Selected good practice

Building a culture of workplace compliance

Article | Dhaka | 22 March 2021
Two major industrial accidents rocked Bangladesh in 2012 and 2013 - over a thousand garment employees lost their lives, and many others were maimed and scarred for life. The tragedies led to public outrage, workers’ protests and international pressure on the country to improve working conditions in its garment factories.

In this context, the ILO launched two Development Cooperation projects in 2013 - Improving Working Conditions funded by Canada, the Netherlands and United Kingdom, and Improving Fire and General Building Safety funded by US Department of Labour. With technical assistance from the two projects and several other buyer-led initiatives, the Government of Bangladesh inspected more than 3,500 export-oriented garment factories for fire, electrical and structural safety.

After the inspections were completed, the two ILO projects continued to work together with the government, workers’ and employers’ organizations in Bangladesh to support the remediation of inspected factories and strengthening of national regulatory bodies such as the labour inspectorate and the fire service department, which are mandated to monitor working conditions and fire safety in factories and establishments.

The ILO’s Fire and Building Safety project which ran from 2013-2016 focused on harmonization of safety and inspection standards in Bangladesh and instilled a collaborative approach among the different regulatory authorities, which previously tended to work on their own.

Brigadier General Ali Ahmed Khan, Retired Chief of the Bangladesh Fire Service and Civil Defence had worked closely on the harmonization process and recognizes the development brought about through the ILO initiative. He said:
“Fire service inspectors now go on joint inspections with the Department of Inspections for Factories and Establishments (DIFE).

The joint inspections make it easier to pinpoint problems at the factories and help arrive at joint decisions on what remediation needs to be carried out. This benefits the industry as well as the fire service by giving us exposure and interaction with another agency.”

The Fire and Building Safety project also developed an interactive online course for fire inspectors in collaboration with the ILO’s International Training Centre in Turin, Italy.

Meanwhile, the project on working conditions is continuing in its second phase and takes a broader approach by facilitating remediation of factories through enhanced collaboration between relevant regulators, strengthening of labour inspection, and improvement of occupational safety and health at both policy and enterprise levels.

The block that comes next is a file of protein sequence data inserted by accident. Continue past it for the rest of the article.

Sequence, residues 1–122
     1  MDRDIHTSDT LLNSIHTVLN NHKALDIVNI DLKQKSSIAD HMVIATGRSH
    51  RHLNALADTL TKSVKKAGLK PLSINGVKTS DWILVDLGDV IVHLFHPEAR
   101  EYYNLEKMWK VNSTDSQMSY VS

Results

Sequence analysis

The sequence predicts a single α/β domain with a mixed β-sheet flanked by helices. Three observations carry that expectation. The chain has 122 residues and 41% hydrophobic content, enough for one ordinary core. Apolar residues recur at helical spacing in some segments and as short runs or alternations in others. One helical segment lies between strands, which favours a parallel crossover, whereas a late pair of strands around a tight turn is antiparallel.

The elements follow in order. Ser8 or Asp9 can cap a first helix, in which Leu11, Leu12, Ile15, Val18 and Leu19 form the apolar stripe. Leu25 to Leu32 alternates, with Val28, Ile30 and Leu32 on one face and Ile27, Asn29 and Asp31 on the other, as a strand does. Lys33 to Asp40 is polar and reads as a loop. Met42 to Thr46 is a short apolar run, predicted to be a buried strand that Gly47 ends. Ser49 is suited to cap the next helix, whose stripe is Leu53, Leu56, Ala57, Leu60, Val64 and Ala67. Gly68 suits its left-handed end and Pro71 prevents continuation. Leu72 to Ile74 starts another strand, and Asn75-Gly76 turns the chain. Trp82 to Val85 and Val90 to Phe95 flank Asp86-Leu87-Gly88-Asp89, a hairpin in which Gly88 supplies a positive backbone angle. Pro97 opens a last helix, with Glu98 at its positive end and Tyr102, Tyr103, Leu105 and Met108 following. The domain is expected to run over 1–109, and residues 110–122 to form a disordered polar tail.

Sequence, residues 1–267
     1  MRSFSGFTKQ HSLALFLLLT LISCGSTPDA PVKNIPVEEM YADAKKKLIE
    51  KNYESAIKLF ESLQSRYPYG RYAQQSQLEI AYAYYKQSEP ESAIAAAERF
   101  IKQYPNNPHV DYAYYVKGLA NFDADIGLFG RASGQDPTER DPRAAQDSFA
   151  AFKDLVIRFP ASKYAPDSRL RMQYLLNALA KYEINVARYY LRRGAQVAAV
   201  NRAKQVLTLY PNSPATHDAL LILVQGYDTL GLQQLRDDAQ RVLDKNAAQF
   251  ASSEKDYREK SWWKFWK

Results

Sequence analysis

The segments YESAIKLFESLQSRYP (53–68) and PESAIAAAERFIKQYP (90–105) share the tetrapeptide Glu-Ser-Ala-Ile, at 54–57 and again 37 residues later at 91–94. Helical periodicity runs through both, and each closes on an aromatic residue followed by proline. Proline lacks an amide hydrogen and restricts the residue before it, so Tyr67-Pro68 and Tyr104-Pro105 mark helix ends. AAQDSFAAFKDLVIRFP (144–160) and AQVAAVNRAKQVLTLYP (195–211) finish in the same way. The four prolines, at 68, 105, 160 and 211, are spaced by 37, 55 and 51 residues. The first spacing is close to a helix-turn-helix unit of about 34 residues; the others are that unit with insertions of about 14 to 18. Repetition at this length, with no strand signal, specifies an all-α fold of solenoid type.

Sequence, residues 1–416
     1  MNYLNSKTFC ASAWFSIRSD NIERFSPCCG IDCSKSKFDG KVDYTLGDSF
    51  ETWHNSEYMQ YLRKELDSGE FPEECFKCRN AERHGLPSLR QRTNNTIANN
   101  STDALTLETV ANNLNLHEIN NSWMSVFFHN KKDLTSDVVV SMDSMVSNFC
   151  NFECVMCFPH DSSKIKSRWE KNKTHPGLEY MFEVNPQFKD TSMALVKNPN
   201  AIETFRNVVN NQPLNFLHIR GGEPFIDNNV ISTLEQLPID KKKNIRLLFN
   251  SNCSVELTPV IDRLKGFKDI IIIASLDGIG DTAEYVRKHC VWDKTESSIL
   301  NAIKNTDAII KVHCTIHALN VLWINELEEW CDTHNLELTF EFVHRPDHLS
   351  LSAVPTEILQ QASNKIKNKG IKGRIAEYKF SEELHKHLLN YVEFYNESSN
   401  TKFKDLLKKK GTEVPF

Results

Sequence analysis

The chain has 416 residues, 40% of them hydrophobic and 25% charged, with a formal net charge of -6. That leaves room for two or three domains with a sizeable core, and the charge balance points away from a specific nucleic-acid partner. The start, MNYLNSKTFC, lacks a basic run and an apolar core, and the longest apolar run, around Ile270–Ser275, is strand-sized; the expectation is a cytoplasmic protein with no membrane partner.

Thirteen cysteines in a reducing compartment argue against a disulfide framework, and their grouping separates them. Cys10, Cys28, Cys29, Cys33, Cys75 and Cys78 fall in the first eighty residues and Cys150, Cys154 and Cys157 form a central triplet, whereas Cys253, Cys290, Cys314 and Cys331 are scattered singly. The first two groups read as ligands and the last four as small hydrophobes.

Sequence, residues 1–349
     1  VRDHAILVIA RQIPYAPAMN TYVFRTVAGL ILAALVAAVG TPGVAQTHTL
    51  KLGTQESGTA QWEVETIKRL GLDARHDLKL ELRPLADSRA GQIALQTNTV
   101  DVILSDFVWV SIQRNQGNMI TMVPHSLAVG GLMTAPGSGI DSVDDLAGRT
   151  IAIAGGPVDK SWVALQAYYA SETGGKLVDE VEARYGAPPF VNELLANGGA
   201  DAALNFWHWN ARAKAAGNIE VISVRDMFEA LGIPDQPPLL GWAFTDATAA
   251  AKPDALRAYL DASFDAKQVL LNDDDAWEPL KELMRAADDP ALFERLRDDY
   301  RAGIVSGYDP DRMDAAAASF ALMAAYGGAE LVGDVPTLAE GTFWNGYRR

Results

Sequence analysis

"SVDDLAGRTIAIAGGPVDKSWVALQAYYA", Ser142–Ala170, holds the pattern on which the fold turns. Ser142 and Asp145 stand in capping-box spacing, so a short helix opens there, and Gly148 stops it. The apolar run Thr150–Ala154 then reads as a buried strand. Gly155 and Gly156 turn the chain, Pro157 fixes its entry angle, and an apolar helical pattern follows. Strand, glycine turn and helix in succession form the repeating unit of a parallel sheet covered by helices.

These efforts were recently featured in a Compendium of Selected Good Practices on Workplace Compliance published by ILO’s Labour Administration, Labour Inspection and Occupational Safety and Health Branch (LABADMIN/OSH) under Governance and Tripartism Department.

Maurice Brooks, Workplace Safety Specialist at ILO Bangladesh is one of contributors of the publication and has been engaged with the two projects since their early days. He said:
“Our projects are leaving legacies. We are building a more systematic and harmonized inspection procedure that will not only improve working conditions in the garment sector, but benefit all industries.

The online Fire Safety Management Course that we developed continues to attract learners from all over the world. The Bangladesh platform of the course had circa 4,000 registered users (including 318 women) and issued 1941 certificates of successful completion, as of January 2021. The globally available version of the course had more than 5,000 registered users (including 537 women) and issued 2,890 certificates, as of January 2021.”

Joaquim Pintado Nunes, Labour Administration, Labour Inspection and Occupational Safety and Health Branch Chief at the ILO says:
“The ILO has a long tradition of providing technical assistance to Member States to strengthen and modernize their labour inspection systems.

In Bangladesh, ILO’s Development Cooperation programmes are making important contribution to improve regulatory inspection methods, better coordination within the labour administration system, and capacity building of labour inspection officials and fire inspectors to ensure effective and timely monitoring of workplace compliance.”

ILO’s Fire and Building Safety project developed a four-step process for implementing and monitoring safety compliance in factories. The process includes preliminary assessment, detailed engineering assessment, remediation work and maintenance of safety compliance. This protocol has been carried forward by the Working Conditions project to ensure workplace safety in the ready-made garment industry. At present, the Working Conditions project is overseeing the transition from remediation work to maintenance of compliance through DIFE’s Safety unit and by engaging with industry.

George Faller, Chief Technical Advisor of ILO’s project on improving working conditions in the ready-made garment sector said:
“Bangladesh has come a long way since the industrial accidents of 2012 and 2013. Thousands of employers and workers have been educated and trained on occupational safety and health.

The ILO is working closely with DIFE and other regulators to strengthen their governance and monitoring mechanisms, and complete the remediation of inspected factories.

Our ultimate goal is to establish a culture of safety in workplaces so that major accidents can be prevented.”


The compendium of workplace compliance includes 11 successful practices from projects implemented in Bangladesh, Colombia, Georgia, Haiti, and the Philippines. The publication aims to share knowledge gained through ILO’s Development Cooperation programmes so that the positive results can be replicated and developed further by compliance actors.